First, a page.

Thursday, September 16, 2010

GABF Pro-Am Competition and "McSteamy"

The Great American Beer Festival (GABF), which is run annually by the Brewers Association (BA), has been doing a professional-amateur (Pro-Am) competition for four years now.  The concept is similar to pro-am competitions in golf in that they pair a professional and an amateur together to see what they can do.  Professional craft brewers can select an award-winning homebrew recipe and brew a scaled-up version of the beer at their brewery.  Highlights of the competition rules include:

  • The brewery must enter at least one other beer at the GABF competition;
  • The Pro-Am beer must be available for sale before the middle of August;
  • The Pro-Am beer must be available for tasting on the floor of the GABF;
  • The homebrew recipe must be an award-winning beer from a sanctioned Beer Judge Certification Program (BJCP) competition; and
  • The brewery can only submit one entry into the Pro-Am competition.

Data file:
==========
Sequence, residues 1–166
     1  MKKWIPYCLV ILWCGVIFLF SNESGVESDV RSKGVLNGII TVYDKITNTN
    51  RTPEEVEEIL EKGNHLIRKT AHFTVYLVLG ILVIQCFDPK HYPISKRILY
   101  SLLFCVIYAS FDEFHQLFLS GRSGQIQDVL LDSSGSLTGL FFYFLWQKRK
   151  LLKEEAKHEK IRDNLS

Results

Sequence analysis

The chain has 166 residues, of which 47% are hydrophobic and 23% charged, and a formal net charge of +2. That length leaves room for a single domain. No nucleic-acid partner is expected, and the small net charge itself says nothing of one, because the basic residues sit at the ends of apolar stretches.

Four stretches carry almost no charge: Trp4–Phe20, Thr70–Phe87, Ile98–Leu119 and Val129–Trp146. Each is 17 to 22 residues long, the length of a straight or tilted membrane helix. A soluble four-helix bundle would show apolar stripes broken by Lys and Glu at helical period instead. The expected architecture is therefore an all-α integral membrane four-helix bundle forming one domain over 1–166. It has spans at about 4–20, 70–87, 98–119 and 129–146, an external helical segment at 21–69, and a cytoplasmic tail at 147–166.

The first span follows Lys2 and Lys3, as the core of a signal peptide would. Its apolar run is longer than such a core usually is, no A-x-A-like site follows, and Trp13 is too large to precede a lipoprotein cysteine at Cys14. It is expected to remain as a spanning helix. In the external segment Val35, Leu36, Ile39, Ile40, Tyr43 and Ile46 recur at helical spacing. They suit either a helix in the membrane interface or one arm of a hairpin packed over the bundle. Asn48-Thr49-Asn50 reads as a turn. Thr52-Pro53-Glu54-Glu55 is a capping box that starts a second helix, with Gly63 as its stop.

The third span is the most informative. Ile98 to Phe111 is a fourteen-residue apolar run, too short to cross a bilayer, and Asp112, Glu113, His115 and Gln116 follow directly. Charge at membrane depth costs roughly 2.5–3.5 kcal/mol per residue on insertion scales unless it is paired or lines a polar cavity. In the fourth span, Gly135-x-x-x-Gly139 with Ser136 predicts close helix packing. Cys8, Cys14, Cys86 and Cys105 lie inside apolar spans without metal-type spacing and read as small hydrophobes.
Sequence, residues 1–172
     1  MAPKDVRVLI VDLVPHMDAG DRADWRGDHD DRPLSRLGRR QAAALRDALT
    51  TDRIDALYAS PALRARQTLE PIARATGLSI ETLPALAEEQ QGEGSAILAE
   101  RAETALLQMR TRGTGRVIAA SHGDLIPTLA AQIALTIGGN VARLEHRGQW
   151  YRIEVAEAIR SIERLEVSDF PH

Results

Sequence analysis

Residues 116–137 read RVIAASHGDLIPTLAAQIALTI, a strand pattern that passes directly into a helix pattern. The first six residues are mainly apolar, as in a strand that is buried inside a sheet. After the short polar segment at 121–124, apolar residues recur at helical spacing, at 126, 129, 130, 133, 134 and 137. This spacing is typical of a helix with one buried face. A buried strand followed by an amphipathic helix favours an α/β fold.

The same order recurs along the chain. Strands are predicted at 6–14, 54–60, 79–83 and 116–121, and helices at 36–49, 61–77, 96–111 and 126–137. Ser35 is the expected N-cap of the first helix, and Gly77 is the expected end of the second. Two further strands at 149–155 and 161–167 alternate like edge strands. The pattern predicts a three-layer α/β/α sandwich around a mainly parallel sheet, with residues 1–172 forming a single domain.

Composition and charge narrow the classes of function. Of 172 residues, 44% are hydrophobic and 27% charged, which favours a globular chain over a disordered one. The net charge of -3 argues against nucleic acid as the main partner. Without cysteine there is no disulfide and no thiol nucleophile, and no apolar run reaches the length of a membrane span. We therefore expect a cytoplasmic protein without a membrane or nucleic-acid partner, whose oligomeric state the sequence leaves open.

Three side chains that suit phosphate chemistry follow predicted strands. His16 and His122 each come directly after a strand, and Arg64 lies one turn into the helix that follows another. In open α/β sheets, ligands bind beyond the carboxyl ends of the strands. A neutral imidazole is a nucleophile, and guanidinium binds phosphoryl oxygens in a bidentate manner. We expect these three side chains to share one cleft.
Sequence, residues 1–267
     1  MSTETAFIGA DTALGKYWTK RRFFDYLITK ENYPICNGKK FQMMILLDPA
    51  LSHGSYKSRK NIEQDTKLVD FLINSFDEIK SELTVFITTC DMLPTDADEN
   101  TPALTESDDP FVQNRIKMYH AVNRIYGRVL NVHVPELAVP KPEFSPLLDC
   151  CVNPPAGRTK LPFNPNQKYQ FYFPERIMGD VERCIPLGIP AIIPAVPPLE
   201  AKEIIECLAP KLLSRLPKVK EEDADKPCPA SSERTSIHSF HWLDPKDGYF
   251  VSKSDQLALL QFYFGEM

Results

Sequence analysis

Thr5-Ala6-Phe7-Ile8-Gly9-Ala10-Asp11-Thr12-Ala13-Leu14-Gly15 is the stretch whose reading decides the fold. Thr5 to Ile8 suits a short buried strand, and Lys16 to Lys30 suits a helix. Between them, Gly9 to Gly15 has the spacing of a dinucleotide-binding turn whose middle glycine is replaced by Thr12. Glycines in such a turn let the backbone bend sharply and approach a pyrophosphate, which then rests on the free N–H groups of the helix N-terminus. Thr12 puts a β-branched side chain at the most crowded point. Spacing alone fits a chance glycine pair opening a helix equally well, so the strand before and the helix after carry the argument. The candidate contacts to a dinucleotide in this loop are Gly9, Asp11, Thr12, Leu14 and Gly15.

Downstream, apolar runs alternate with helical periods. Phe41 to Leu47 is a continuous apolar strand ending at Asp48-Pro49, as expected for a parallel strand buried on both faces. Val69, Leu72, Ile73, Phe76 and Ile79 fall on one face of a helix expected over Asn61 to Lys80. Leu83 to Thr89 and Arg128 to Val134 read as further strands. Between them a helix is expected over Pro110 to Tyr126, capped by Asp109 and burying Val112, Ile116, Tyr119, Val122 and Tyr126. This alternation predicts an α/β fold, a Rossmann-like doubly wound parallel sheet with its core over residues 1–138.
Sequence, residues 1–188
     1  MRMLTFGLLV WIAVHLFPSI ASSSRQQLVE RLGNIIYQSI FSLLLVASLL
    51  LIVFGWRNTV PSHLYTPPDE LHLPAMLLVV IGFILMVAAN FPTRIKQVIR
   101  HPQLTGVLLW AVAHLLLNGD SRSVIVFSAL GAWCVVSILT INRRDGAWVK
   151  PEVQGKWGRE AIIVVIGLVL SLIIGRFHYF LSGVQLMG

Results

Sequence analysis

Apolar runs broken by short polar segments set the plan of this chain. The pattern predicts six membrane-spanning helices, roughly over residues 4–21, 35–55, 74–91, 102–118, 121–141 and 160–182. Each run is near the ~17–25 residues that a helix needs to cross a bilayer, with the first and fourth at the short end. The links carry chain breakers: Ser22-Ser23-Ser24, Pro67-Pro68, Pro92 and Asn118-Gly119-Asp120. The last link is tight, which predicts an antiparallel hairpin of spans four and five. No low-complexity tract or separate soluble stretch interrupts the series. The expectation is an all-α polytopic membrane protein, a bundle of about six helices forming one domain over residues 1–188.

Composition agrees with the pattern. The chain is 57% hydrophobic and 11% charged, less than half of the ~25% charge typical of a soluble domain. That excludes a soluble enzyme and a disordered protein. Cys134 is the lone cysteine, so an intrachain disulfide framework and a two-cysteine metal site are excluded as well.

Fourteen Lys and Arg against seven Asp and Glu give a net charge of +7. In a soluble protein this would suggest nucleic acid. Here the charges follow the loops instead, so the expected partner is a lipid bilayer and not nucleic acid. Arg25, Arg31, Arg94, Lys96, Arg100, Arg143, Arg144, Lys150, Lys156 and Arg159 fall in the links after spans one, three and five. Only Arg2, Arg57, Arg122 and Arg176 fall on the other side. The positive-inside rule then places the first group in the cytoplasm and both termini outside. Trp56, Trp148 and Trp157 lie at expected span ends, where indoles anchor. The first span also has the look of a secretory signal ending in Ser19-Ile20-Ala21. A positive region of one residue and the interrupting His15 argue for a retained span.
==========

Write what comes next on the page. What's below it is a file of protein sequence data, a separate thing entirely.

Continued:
The entries to the Pro-Am competition are judged using best-of-show rules.  This means that all of the entries are compared against each other, regardless of beer style, and the winners are selected from the entire flight of beers.  The three best entries are awarded gold, silver, and bronze medals.  The 2009 GABF Pro-Am competition had 72 entries in 39 different categories, coming from 21 different states.  This was an increase of about 25% over the previous year, indicating a growing interest in the competition.  A list of the 2009 winners can be found here.

The 2010 Pro-Am competition is of particular interest to me because I know one of the entrants.  One of the co-founders of my local club, CAMRA, Jamey Barlow, was selected by Starr Hill to supply their Pro-Am homebrew recipe.  They selected Jamey's recipe for a California common-style of beer.  Jamey shared some of his experience in brewing on the much larger commercial system at a recent CAMRA meeting, which included some practical considerations like hop substitutions (pearle versus northern brewer).  Best of all, Jamey's beer, named "McSteamy" both in reference to Anchor Brewing's trademark of "steam" beer and the Mark Sloan character in Grey's Anatomy, was available on tap at a local bar.  I was able to try a couple of pints and talk with Jamey and a Starr Hill brewer about the beer, which qualified as one of the coolest homebrewing events I have taken part in.

So, please wish Starr Hill and Jamey good luck as they enter the GABF Pro-Am competition later this month.



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